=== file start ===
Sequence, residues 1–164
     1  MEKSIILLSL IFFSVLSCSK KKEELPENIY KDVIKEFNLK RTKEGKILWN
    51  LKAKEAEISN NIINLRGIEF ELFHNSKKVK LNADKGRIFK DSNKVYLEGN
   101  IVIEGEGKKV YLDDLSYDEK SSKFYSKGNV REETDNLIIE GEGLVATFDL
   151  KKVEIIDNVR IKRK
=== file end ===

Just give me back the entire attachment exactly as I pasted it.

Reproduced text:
Sequence, residues 1–164
     1  MEKSIILLSL IFFSVLSCSK KKEELPENIY KDVIKEFNLK RTKEGKILWN
    51  LKAKEAEISN NIINLRGIEF ELFHNSKKVK LNADKGRIFK DSNKVYLEGN
   101  IVIEGEGKKV YLDDLSYDEK SSKFYSKGNV REETDNLIIE GEGLVATFDL
   151  KKVEIIDNVR IKRK